Husky at Rough Trade EastCultureMusicLive music
It is summer, the sun is finally shining, the birds are finally singing, and so are Aussie imports Husky. I can’t think of few better ways to spend an evening than to head down to Brick Lane, have a couple beers and wind up in Rough Trade East to watch an intimate gig with a band that I’m now expecting very big things from.
Don’t feel too bad about it if Husky have passed you by before now. They only officially released their first album in Europe yesterday, but they’re approaching superstardom in Australia after winning Triple J Unearthed, an Aussie radio competition to find new talent that’s a huge deal over there. Two sold-out antipodean tours later and Husky have made it to Europe and a new market. They are an unusual band in that they have gained a lot of buzz primarily because they are good. As far as self-promotion goes, Husky keeps themselves to themselves and let their music do the talking.
And talk, it does. They’re a four-piece band of virtuoso musicians whose facial hair, checked shirts and three-part harmonies lend them a superficial resemblance to Fleet Foxes. But where that band has developed a taste for meandering compositions, Husky’s songs are tight, with intricate but fairly traditional chord progressions, keyboard accompaniment and catchy melodies. Which is not to say that Husky are not fresh, inventive or meditative. Frontman Husky Gawenda introduced Animals and Freaks by joking: “This is as close to a love song as we’re going to get tonight!” Predictable Folk-Rock this is not.
Actually most of Gawenda’s bittersweet lyrics border on poetry; “I came here not for love, but for the possibility / of setting free the love we knew for all time,” could have come straight from Leonard Cohen. Individual songs bring to mind a whole heap of their 60s and 70s’ influences. Opening track Tidal Wave sounds like Crosby, Stills and Nash but, you know, cool.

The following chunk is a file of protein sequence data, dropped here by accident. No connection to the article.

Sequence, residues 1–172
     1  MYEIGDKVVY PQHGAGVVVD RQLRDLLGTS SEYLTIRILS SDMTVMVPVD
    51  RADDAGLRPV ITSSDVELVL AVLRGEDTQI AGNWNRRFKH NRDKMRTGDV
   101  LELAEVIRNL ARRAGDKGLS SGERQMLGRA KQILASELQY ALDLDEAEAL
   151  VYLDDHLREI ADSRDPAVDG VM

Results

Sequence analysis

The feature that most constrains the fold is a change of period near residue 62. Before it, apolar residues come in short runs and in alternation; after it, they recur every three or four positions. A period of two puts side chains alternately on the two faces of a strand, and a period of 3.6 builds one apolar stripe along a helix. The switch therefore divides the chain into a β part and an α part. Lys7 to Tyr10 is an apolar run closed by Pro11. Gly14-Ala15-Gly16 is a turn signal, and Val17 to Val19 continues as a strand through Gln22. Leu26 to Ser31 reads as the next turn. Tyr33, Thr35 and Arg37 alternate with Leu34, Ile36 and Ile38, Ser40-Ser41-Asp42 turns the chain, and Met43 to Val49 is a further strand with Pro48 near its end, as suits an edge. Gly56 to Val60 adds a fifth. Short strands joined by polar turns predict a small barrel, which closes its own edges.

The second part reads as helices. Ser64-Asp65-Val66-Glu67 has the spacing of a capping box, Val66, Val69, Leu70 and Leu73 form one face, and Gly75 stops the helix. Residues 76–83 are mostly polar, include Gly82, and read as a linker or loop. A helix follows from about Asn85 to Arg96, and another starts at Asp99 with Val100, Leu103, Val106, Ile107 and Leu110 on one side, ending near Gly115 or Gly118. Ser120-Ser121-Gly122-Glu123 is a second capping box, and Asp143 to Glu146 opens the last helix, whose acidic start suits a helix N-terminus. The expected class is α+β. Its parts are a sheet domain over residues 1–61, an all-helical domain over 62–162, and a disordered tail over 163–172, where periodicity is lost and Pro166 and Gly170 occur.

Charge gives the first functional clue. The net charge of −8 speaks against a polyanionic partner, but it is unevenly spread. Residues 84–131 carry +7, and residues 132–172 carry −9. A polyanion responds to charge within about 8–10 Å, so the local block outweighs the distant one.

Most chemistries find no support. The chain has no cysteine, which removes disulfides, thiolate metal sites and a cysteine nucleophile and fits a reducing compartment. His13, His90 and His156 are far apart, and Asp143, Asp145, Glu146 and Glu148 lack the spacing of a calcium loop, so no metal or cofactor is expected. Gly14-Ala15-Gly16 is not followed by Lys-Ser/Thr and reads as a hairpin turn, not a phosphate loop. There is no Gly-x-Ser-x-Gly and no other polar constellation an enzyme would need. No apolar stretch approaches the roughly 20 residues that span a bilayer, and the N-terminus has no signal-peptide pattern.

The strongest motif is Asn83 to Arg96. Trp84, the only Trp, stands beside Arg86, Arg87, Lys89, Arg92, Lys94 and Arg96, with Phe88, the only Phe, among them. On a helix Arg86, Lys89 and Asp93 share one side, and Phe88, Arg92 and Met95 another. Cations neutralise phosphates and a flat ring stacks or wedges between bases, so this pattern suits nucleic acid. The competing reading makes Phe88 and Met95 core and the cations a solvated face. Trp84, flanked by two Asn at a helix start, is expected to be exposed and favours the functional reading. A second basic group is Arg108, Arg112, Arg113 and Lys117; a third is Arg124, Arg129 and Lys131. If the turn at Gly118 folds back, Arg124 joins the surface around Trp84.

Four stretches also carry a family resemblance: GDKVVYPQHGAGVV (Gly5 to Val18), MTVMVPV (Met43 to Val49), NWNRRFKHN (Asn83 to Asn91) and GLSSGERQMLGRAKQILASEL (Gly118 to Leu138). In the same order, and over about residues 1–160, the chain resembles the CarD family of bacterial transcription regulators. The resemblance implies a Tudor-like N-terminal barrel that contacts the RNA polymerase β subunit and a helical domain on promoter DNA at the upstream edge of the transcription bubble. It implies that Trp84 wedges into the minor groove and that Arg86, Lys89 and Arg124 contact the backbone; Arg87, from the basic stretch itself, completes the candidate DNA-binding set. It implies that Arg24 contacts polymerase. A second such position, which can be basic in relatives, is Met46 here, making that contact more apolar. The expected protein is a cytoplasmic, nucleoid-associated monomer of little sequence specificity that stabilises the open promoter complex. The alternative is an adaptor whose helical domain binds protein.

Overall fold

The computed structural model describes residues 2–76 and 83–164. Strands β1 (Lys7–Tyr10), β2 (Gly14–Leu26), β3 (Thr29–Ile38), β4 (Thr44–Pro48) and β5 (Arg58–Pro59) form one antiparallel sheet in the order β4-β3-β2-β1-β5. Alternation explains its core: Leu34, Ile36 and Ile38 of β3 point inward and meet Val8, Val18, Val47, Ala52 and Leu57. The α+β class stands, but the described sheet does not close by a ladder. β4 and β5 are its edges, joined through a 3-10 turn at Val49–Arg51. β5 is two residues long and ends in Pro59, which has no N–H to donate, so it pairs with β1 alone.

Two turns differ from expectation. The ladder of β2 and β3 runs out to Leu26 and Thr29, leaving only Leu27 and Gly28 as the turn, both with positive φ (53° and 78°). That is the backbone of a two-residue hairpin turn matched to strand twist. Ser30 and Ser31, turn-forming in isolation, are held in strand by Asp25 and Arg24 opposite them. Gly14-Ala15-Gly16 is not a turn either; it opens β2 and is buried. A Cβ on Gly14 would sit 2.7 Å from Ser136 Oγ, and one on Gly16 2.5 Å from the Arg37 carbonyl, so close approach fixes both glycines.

This may only be their first album, but there is self-assurance about Husky that belies both their confidence in the material they’ve created, and their considerable musical talent. Indeed, for most of the gig the audience seemed shyer than the band. And Husky weren’t afraid to go off-piste. Keyboardist Gideon Preiss kicked off Hunter with an ad hoc harmonic arrangement that would have been at home among Chopin’s nocturnes, while bassist Evan Tweedie introduced History’s Door with one of the only bass solos that I’ve ever enjoyed.
The guys mix musical virtuosity with typical down-to-earth, self-assured Aussie character. For a band this good, the gig was seriously under-attended. Not that I minded, and neither, it seemed, did the members of the band, who were only too happy to kick back with the audience after the show and chat about everything from Paul Simon and obscure guitar chords to, inevitably, the weather.
The perfect summer evening, then, with just enough time for a salt-beef bagel (a Brick Lane specialty) before home.
Photos: Catherine Bridgman
Listen to Husky’s History’s Door here